Not interested in streaming music from Amazon? No problem. The Seattle-based tech company is going old school with their newly-launched Vinyl of the Month Club subscription which features albums from the Golden Era of Vinyl from the 1960s and 1970s. Each month a new album is curated by the Amazon team and sent directly to subscribers’ doors for $24.99. Shipping is free, and subscribers can skip a month or cancel their subscriptions at any time. Anyone can subscribe to the vinyl of the month club; the subscription service is not restricted to Prime members.
On Amazon’s subscription page, the company says, “Build the ultimate vinyl collection – start or grow an enviable collection with some of the greatest albums ever – iconic classics from artists like Pink Floyd, Aretha Franklin, Miles Davis, Fleetwood Mac, The Clash, ABBA, and more. A great gift for anyone who’s just fallen in love with vinyl.”
As with every subscription, there are caveats:
- At launch, vinyl of the month club subscriptions are only available to customers in the United States.
- Monthly selections can be returned to Amazon if they are in new, unused condition.
- Subscribers do not get to choose the albums they will receive, but they can go to their Manage Your Subscriptions page and skip an album they don’t want.
Early subscribers and gifting
Amazon encourages music lovers to be early subscribers to try the new service and to help shape the subscription by sharing their experiences with Amazon.
“Subscribe now and help us evolve our service by providing feedback on your experience,” Amazon says.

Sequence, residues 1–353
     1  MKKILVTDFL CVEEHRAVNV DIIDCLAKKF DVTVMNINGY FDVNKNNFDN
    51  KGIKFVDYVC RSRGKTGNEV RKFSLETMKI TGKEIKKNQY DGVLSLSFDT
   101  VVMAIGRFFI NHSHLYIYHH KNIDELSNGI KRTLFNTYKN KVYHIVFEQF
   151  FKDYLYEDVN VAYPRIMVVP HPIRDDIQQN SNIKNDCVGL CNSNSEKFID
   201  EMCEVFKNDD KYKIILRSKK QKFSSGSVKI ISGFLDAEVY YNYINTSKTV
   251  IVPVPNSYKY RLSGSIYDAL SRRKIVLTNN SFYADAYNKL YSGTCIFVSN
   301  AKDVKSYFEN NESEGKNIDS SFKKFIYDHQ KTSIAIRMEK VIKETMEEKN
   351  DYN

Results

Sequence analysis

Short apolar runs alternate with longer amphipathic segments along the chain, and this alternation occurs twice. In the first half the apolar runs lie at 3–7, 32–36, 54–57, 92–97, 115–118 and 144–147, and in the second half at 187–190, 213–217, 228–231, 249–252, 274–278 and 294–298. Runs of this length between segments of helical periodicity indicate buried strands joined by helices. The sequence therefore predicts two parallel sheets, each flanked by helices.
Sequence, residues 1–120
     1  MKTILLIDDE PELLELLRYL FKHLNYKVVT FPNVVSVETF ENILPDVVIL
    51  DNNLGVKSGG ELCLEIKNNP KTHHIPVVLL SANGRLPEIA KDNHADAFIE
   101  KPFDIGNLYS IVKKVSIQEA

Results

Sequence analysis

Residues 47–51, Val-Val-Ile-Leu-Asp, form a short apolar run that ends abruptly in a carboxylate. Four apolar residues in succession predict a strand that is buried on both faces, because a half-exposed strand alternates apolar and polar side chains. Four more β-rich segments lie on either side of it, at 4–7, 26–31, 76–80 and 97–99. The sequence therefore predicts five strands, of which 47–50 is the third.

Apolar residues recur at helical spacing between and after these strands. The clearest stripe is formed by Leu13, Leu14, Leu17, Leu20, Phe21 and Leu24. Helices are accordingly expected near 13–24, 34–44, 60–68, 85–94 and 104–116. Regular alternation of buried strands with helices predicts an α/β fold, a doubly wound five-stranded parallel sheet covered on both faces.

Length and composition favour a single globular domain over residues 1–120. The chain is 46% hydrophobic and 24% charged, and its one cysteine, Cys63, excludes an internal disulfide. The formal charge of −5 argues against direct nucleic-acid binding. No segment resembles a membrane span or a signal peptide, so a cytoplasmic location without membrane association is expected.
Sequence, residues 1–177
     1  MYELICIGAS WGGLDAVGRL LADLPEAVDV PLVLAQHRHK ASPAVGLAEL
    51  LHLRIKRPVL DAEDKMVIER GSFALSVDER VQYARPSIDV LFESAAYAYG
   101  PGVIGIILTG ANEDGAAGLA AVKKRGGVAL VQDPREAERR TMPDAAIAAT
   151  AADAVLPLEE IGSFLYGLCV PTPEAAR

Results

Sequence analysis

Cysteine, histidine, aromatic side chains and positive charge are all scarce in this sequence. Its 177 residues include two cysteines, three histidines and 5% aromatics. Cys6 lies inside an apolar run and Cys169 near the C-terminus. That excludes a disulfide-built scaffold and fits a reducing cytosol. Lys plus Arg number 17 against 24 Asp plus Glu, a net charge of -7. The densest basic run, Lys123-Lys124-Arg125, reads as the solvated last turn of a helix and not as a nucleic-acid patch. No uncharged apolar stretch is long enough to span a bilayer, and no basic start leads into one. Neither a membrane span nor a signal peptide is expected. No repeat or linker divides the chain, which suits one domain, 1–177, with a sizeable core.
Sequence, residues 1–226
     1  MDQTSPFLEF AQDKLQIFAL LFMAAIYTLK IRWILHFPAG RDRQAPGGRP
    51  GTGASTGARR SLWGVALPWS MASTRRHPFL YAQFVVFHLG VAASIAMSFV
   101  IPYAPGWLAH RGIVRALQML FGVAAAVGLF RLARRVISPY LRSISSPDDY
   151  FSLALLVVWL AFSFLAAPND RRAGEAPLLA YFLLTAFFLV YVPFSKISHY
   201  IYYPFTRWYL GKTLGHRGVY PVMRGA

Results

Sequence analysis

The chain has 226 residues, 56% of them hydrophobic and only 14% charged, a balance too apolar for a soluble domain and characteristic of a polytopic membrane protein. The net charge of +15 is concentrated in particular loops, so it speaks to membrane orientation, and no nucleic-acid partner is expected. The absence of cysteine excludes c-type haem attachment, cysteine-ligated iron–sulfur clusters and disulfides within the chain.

Amazon also says the vinyl subscription is a great gift.
“Gift a newbie collector. Perfect for the music lover who’s just fallen for analog sound.”
Complements Amazon’s other music offerings
This new subscription service complements Amazon’s other music offerings. Prime members get free access to Amazon Music Prime which includes 2 million hand-curated songs. Amazon also offers Amazon Music Unlimited, a streaming music subscription that gives subscribers unlimited access to 70 million songs. New listeners can try the service for free for 30 days. After that, the streaming music service is $9.99 a month.
The vinyl subscription market is not new, so Amazon already has competition, though these services are not likely to have the same resources or reach that Amazon does. Here are a few of Amazon’s competitors:
- VNYL: For $39 a month, subscribers create personal music profiles that help curators choose albums suited to their listeners. U.S. subscribers get free shipping.
- Vinyl Me Please: Starting at $33 a month, subscribers can choose from four tracks that best reflect their taste: Classics, Essentials, Hip-Hop and Country. The site also offers VMP Exclusives for sale in their stop.
- Vinyl Moon: This membership club has several options: VM Club Membership starting at $27 per record (with an annual membership), $29 per record (with a three-month membership) and $30 per record (with a month-to-month membership) where subscribers can choose from past VM Club releases.
Amazon seems to be in the midst of a soft launch of its vinyl subscription service, hoping to gauge interest and tweak its offerings before a big debut. This vinyl of the month club is reminiscent of services like Columbia House Records which started in 1955 to sell music club subscriptions through the mail, starting with record albums and evolving to 8-track tapes, cassettes and eventually CDs.
I remember paying a penny to get a dozen or so cassettes or CDs in exchange for a commitment to buy X number of cassettes or CDs over a certain period of time. As a young music collector, it was an affordable way to build a music collection. Each month, Columbia House would send a postcard letting me know what the next month’s selection was. If I didn’t want it, I had to return the postcard by a certain date. If I didn’t return the postcard on time, or at all, I got that month’s selection mailed to me along with a bill.
The Amazon model is virtually identical; it has just evolved in terms of pricing and subscription terms. That model worked for a decades, and a new generation of music lovers has fallen in love with vinyl. This vinyl of the monthly club subscription option might be quite appealing to them.